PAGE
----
Civic integration in the Netherlands
To get a Dutch resident permit or to seek for Dutch citizenship, the majority of immigrants to the Netherlands from outside the EU must take the Inburgeringsexamen (civic integration tests).
You may be needed to study Dutch as well as information about
Dutch culture and the job market in specific circumstances.
According to the Dutch government, speaking Dutch fluently is essential to effectively integrate into the country and improving your chances of obtaining employment. As a result, they want to raise the language requirement for the Inburgering (integration) tests from of B1.
Do I need to start civic integration before I arrive in the Netherlands?
There are 2 instances where you must begin the inburgeren (civic integration) process before you arrive in the Netherlands. The first is if you are coming to live with your partner in the Netherlands. The second is if you are a cleric (such as a priest or imam). In addition, you must also fall in the category of people who require a machtiging tot voorlopig verblijf – MVV (authorisation for temporary stay). The MVV is a special type of visa needed to enter the Netherlands. If these conditions apply to you, you will need to pass a special exam known as the Basisexamen inburgering buitenland (Civic Integration Examination Abroad) before you come to the Netherlands.
Exemptions from civic integration requirement
The civic integration requirement does not apply to citizens of:
European Union (EU) countries
The following groups are also exempt:
children under 18;
people who have lived in the Netherlands for at least 8 years and were of compulsory school age during that time;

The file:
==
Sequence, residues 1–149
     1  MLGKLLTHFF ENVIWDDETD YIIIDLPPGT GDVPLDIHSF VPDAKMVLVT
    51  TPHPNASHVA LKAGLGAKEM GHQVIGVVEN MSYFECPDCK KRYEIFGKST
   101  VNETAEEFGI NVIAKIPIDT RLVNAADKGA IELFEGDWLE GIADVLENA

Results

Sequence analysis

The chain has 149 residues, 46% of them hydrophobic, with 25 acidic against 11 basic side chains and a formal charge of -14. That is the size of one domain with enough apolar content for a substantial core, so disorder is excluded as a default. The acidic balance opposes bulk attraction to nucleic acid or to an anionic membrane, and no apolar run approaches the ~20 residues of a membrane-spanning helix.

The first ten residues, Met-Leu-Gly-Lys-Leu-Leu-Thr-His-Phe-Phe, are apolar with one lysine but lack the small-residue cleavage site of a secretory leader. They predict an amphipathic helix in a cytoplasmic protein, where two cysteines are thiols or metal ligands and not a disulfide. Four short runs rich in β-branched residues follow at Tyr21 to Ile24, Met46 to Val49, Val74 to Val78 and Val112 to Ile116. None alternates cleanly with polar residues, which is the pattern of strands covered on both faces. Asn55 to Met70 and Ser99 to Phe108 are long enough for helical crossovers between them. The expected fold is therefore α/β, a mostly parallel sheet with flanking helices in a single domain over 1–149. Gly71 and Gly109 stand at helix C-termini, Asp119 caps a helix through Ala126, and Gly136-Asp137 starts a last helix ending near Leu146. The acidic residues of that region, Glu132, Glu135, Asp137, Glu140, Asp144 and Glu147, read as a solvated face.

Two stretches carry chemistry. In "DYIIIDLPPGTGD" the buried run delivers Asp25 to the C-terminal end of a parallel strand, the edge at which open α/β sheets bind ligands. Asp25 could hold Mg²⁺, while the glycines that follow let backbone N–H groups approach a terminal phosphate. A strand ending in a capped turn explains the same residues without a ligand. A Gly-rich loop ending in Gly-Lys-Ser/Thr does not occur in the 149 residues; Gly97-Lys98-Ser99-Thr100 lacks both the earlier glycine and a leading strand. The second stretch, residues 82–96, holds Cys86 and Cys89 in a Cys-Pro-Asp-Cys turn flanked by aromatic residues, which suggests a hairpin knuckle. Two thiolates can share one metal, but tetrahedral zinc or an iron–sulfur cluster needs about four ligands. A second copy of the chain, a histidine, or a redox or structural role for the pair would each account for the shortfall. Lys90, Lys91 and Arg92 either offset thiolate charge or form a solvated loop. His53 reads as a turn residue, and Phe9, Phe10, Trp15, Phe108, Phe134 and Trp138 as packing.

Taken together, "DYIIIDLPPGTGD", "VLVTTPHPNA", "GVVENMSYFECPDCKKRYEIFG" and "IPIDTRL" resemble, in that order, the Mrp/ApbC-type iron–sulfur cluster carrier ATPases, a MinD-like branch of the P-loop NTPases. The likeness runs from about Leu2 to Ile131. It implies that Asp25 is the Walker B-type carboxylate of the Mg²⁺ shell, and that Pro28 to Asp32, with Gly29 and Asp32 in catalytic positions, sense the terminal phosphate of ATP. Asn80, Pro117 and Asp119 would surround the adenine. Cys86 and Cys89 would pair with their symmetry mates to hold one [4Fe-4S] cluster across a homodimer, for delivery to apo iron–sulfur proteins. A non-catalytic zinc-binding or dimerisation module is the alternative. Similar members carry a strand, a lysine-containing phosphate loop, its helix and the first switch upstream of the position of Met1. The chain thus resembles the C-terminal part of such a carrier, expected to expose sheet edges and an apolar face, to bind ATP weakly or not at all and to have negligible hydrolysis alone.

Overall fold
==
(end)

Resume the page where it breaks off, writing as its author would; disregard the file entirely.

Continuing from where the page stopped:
people who have degrees, diplomas, certificates or other evidence of having followed certain types of education and training taught in Dutch at an education institution in the Koninkrijk der Nederlanden (Kingdom of the Netherlands);
people who have reached retirement age;
people coming to the Netherlands temporarily for the purpose of, for instance, work, study or an exchange.
If a person stays in the Netherlands for a longer amount of time than those listed above, they must complete the civic integration procedure.
The process of integration
In a classroom context, you can take a course on civic integration. Or you might take a course on your own. You must take an exam at the conclusion of the course. After moving to the Netherlands, newcomers have three years to finish the civic integration procedure.
Civic integration system alterations
On January 1, 2022, the new Wet Inburgering 2021 (Civic Integration Act) went into effect. Currently, municipalities play a significant part in the civic integration process. The approach has been modified to allow newcomers to learn Dutch more rapidly while still gaining job experience. The new rule also offers immigrants more opportunity to select the educational path that suits them the best.
There are 3 learning routes:
The B1 route; for language and (voluntary) work. Newcomers learn to speak and write the Dutch language with an aim to achieve a B1 level (CEFR framework) within a maximum of 3 years. At the same time, they can participate through (voluntary) work.
The onderwijs (education) route; mainly for young people who are in the Netherlands attending tertiary education. They learn the Dutch language at level B1 or higher.
The zelfredzaamheidsroute (self-reliance) route; for newcomers who must follow the civic integration process and for whom routes 1 and 2 are too difficult. Learning the Dutch language at a lower level (A1). Preparing them (in a more straightforward manner) to participate in Dutch society.
Structure of the Inburgeringsexamen
The Inburgeringsexamen is designed to ensure migrants to the Netherlands have a basic understanding of the Dutch language and culture. There are five sections with questions concerning Dutch laws and customs:
Knowledge of Dutch society
You can start the civic integration procedure while you are still outside the Netherlands if you are moving to the country to live with a relative.